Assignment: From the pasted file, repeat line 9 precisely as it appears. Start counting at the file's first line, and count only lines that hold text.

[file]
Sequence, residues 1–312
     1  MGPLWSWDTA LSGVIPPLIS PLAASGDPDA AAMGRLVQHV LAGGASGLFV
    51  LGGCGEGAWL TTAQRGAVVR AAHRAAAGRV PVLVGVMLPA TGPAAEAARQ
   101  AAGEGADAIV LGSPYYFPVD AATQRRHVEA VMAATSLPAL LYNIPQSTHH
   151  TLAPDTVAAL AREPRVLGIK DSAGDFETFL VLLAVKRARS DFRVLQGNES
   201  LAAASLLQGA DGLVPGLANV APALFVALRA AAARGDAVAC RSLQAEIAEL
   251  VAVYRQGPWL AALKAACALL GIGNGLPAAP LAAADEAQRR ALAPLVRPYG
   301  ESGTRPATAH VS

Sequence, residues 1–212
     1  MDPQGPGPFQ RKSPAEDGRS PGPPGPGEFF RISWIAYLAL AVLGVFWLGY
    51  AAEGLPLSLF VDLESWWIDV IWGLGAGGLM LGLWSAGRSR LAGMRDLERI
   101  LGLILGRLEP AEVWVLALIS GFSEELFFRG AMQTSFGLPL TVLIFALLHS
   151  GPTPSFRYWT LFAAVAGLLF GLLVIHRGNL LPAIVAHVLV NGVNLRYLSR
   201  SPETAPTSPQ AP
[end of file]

Sequence, residues 1–212